Some Gravestone Rubbings Do's and Don'ts
Gravestone rubbing is fun. It is possible to collect
some beautiful artwork that can be framed and displayed.
A carver's skill can be preserved, or an ancestor's
stone recorded and appreciated through this craft.
However, gravestone rubbing is also controversial.
Especially in cemeteries where a restoration project is
in progress, rubbing is often banned. This is to enable
the restorers to have an opportunity to preserve all the
stones possible before more damage occurs. Even if a
restoration project is not in progress, if the those who
care for the cemetery have determined there are very
fragile stones there which may be damaged if pressure is
applied to the surface as happens in rubbing, there may
be prohibitions in place. So be sure to check.
Below are some Do's and Don'ts that will make your
experience in the cemetery a good one.
Check (with cemetery superintendent, cemetery
commissioners, town clerk, historical society, whoever
is in charge) to see if rubbing is allowed in the
Get permission and/or a permit as required.
Rub only solid stones in good condition. Check for any
cracks, evidence of previous breaks and adhesive
repairs, defoliating stone with air pockets behind the
face of the stone that will collapse under pressure of
Become educated; learn how to rub responsibly.
Use a soft brush and plain water to do any necessary
Make certain that your paper covers the entire face of
the stone; secure with masking tape.
Use the correct combination of paper and waxes or inks;
avoid magic marker-type pens or other permanent color
Test paper and color before working on stone to be
certain that no color bleeds through.
Rub gently, carefully.
Leave the stone in better condition than you found it.
Take all trash with you; replace any grave site
materials that you may have disturbed.
Don't attempt to rub deteriorating marble or sandstone,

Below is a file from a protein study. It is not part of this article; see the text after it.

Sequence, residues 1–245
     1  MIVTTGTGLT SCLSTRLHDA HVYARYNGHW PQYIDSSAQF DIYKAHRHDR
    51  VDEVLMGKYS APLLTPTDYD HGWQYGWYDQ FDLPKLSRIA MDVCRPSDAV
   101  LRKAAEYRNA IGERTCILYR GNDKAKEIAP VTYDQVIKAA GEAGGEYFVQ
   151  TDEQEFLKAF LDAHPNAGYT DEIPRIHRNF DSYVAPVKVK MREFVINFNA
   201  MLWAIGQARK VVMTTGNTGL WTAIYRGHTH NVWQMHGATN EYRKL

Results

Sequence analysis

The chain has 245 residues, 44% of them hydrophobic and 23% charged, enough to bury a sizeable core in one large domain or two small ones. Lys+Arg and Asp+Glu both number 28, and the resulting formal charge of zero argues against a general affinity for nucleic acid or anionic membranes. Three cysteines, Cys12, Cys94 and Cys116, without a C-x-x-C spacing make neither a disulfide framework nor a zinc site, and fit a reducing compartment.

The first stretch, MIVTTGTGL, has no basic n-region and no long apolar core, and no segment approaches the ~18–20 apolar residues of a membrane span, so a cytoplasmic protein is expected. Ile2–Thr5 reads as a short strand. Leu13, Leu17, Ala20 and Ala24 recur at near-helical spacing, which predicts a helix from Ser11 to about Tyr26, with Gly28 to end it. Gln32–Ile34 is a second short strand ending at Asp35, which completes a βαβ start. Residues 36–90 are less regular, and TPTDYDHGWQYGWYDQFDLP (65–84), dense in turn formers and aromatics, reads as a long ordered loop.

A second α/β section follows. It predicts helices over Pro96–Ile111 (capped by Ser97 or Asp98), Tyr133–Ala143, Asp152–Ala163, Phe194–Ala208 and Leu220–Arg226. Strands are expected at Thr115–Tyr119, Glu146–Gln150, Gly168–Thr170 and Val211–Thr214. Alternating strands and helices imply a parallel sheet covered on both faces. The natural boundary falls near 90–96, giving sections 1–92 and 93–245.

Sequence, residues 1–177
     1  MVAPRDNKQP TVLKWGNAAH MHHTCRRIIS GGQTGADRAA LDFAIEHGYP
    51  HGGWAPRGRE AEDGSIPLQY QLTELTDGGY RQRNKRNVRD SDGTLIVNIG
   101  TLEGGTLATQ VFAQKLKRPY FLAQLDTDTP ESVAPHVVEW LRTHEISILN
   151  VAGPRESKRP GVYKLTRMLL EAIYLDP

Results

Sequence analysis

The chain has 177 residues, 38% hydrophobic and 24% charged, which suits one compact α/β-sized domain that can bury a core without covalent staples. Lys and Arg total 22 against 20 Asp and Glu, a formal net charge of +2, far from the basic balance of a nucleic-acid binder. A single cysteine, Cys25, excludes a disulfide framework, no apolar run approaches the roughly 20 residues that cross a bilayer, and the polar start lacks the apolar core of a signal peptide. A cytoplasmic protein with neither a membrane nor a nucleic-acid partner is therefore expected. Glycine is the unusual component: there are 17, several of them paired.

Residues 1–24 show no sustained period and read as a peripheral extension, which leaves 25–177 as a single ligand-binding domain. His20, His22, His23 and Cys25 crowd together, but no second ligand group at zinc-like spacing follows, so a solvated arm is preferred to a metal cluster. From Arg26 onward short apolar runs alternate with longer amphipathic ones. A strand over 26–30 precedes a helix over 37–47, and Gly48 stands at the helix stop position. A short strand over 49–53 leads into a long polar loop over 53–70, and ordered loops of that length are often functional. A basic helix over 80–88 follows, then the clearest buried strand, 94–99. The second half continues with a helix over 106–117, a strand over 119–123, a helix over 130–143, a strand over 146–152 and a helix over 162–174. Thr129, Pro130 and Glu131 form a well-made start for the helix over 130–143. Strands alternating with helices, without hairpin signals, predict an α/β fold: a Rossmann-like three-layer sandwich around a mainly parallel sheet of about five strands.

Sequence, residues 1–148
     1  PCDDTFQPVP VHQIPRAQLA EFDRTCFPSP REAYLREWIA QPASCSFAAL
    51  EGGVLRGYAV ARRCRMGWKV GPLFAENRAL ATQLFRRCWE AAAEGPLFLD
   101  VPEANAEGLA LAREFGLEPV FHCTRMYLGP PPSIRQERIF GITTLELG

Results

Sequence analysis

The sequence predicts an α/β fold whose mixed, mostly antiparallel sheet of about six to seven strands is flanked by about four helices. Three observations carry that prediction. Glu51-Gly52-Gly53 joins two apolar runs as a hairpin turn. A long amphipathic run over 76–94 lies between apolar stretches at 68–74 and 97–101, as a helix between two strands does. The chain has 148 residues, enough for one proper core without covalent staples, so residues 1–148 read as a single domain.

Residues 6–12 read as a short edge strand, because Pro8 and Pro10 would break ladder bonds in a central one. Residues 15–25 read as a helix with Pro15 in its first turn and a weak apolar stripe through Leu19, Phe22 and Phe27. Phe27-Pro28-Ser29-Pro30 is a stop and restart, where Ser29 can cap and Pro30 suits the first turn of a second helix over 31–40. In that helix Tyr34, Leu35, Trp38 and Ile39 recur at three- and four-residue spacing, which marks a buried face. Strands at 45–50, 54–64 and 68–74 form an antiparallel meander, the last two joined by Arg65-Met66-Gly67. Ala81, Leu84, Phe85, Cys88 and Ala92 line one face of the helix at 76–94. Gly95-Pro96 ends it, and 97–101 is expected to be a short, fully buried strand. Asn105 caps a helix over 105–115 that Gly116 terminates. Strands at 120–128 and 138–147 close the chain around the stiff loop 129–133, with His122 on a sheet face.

or any unsound or weakened stone (for example, a stone
that sounds hollow when gently tapped or a stone that is
flaking, splitting, blistered, cracked, or unstable on
Don't use detergents, soaps, vinegar, bleach, or any
other cleaning solutions on the stone, no matter how
Don't use shaving cream, chalk, graphite, dirt, or other
concoctions in an attempt to read worn inscriptions.
Using a large mirror to direct bright sunlight
diagonally across the face of a gravemarker casts
shadows in indentations and makes inscriptions more
Don't use stiff-bristled or wire brushes, putty knives,
nail files, or any metal object to clean or to remove
lichen from the stone; Soft natural bristled brushes,
whisk brooms, or wooden sticks are usually OK if used
gently and carefully
Don't attempt to remove stubborn lichen. Soft lichen may
be thoroughly soaked with plain water and then loosened
with a gum eraser or a wooden popsicle stick. Be gentle.
Stop if lichen does not come off easily.
Don't use spray adhesives, scotch tape, or duct tape.
Use masking tape.
Don't use any rubbing method that you have not actually
practiced under supervision.
Don't leave masking tape, wastepaper, colors, etc., at
the grave site